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  1. Aims. We aim to constrain the acceleration, injection, and transport processes of flare-accelerated energetic electrons by comparing their characteristics at the Sun with those injected into interplanetary space. Methods. We have identified 17 energetic electron events well-observed with the SEPT instrument aboard STEREO which show a clear association with a hard X-ray (HXR) flare observed with the RHESSI spacecraft. We compare the spectral indices of the RHESSI HXR spectra with those of the interplanetary electrons. Because of the frequent double-power-law shape of the in situ electron spectra, we paid special attention to the choice of the spectral index used for comparison. Results. The time difference between the electron onsets and the associated type III and microwave bursts suggests that the electron events are detected at 1 AU with apparent delays ranging from 9 to 41 min. While the parent solar activity is clearly impulsive, also showing a high correlation with extreme ultraviolet jets, most of the studied events occur in temporal coincidence with coronal mass ejections (CMEs). In spite of the observed onset delays and presence of CMEs in the low corona, we find a significant correlation of about 0.8 between the spectral indices of the HXR flare and themore »in situ electrons. The correlations increase if only events with significant anisotropy are considered. This suggests that transport effects can alter the injected spectra leading to a strongly reduced imprint of the flare acceleration. Conclusions. We conclude that interplanetary transport effects must be taken into account when inferring the initial acceleration of solar energetic electron events. Although our results suggest a clear imprint of flare acceleration for the analyzed event sample, a secondary acceleration might be present which could account for the observed delays. However, the limited and variable pitch-angle coverage of SEPT could also be the reason for the observed delays.« less
  2. ABSTRACT We investigate the spatial, temporal, and spectral properties of 10 microflares from AR12721 on 2018 September 9 and 10 observed in X-rays using the Nuclear Spectroscopic Telescope ARray and the Solar Dynamic Observatory’s Atmospheric Imaging Assembly and Helioseismic and Magnetic Imager. We find GOES sub-A class equivalent microflare energies of 1026–1028 erg reaching temperatures up to 10 MK with consistent quiescent or hot active region (AR) core plasma temperatures of 3–4 MK. One microflare (SOL2018-09-09T10:33), with an equivalent GOES class of A0.1, has non-thermal hard X-ray emission during its impulsive phase (of non-thermal power ∼7 × 1024 erg s−1) making it one of the faintest X-ray microflares to have direct evidence for accelerated electrons. In 4 of the 10 microflares, we find that the X-ray time profile matches fainter and more transient sources in the extreme-ultraviolet, highlighting the need for observations sensitive to only the hottest material that reaches temperatures higher than those of the AR core (>5 MK). Evidence for corresponding photospheric magnetic flux cancellation/emergence present at the footpoints of eight microflares is also observed.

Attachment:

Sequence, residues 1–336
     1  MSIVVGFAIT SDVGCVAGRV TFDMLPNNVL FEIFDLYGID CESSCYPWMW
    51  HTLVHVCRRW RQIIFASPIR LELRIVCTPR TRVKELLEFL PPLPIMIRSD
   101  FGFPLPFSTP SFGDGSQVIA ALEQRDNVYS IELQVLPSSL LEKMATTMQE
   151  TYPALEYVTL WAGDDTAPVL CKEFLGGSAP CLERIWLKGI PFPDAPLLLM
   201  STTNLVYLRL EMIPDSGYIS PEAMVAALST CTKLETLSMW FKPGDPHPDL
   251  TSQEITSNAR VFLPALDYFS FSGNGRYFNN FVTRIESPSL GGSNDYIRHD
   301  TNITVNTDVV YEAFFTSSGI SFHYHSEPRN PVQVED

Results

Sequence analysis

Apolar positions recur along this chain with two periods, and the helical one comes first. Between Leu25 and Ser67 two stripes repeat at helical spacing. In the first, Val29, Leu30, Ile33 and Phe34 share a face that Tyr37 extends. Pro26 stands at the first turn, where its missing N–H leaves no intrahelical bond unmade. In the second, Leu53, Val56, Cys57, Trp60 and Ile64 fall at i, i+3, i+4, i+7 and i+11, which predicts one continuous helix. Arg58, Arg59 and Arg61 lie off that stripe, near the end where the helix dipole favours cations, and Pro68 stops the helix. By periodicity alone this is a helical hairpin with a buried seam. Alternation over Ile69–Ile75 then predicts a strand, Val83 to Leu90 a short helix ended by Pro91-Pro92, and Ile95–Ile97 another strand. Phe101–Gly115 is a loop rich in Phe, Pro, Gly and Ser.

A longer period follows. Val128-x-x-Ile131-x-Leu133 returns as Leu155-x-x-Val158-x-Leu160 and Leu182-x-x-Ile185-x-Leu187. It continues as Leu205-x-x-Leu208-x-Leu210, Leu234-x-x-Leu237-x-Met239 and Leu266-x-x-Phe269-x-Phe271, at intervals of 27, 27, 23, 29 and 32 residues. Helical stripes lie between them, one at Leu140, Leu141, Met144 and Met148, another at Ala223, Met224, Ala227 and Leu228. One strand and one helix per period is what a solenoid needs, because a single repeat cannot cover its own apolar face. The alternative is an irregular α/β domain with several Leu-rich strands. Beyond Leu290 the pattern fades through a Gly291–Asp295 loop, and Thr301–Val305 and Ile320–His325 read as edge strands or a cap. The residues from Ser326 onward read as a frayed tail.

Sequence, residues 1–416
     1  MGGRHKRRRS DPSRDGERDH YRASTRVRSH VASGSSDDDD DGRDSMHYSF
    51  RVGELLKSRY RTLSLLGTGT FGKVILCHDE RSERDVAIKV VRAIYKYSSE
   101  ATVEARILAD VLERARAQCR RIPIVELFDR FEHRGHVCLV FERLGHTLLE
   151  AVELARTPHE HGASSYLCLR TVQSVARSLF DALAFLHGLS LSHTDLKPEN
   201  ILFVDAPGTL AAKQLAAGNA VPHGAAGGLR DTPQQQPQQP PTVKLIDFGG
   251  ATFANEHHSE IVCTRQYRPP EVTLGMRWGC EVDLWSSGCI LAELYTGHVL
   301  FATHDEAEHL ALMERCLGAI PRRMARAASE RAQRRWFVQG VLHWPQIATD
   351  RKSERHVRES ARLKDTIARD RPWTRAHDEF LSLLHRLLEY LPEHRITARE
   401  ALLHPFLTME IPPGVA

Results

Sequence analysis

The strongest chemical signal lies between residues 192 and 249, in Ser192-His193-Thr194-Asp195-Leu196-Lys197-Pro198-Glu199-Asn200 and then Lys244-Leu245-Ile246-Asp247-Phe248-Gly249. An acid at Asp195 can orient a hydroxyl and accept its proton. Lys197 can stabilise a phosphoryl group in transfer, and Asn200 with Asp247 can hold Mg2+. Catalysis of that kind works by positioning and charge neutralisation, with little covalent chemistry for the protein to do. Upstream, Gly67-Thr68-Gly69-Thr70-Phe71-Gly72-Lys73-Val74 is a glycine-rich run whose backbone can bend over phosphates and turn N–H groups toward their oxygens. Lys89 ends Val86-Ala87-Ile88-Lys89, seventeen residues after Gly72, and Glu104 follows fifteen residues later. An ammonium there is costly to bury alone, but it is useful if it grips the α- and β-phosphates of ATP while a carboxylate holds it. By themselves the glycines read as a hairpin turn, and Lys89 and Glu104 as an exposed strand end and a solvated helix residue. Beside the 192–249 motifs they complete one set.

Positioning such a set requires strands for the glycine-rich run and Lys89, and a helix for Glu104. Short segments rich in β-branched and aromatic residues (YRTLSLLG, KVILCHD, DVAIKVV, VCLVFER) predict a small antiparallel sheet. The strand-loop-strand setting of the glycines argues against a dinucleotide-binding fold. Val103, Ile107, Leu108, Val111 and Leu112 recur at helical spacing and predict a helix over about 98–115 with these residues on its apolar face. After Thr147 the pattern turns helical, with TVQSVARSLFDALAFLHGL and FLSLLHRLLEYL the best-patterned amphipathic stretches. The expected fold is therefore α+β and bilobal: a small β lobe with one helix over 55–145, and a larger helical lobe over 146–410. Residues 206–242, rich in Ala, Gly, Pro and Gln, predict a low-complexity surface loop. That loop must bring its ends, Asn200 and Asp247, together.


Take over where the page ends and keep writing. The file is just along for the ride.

3. Context. Periodicities have frequently been reported across many wavelengths in the solar corona. Correlated periods of ~5 min, comparable to solar p -modes, are suggestive of coupling between the photosphere and the corona. Aims. Our study investigates whether there are correlations in the periodic behavior of Type III radio bursts which are indicative of nonthermal electron acceleration processes, and coronal extreme ultraviolet (EUV) emission used to assess heating and cooling in an active region when there are no large flares. Methods. We used coordinated observations of Type III radio bursts from the FIELDS instrument on Parker Solar Probe (PSP), of EUV emissions by the Solar Dynamics Observatory (SDO) Atmospheric Imaging Assembly (AIA) and white light observations by SDO Helioseismic and Magnetic Image (HMI), and of solar flare X-rays by Nuclear Spectroscopic Telescope Array (NuSTAR) on April 12, 2019. Several methods for assessing periodicities are utilized and compared to validate periods obtained. Results. Periodicities of ~5 min in the EUV in several areas of an active region are well correlated with the repetition rate of the Type III radio bursts observed on both PSP and Wind. Detrended 211 and 171 Å light curves show periodic profiles in multiple locations, with 171more »Å peaks sometimes lagging those seen in 211 Å. This is suggestive of impulsive events that result in heating and then cooling in the lower corona. NuSTAR X-rays provide evidence for at least one microflare during the interval of Type III bursts, but there is not a one-to-one correspondence between the X-rays and the Type III bursts. Our study provides evidence for periodic acceleration of nonthermal electrons (required to generate Type III radio bursts) when there were no observable flares either in the X-ray data or the EUV. The acceleration process, therefore, must be associated with small impulsive events, perhaps nanoflares.« less
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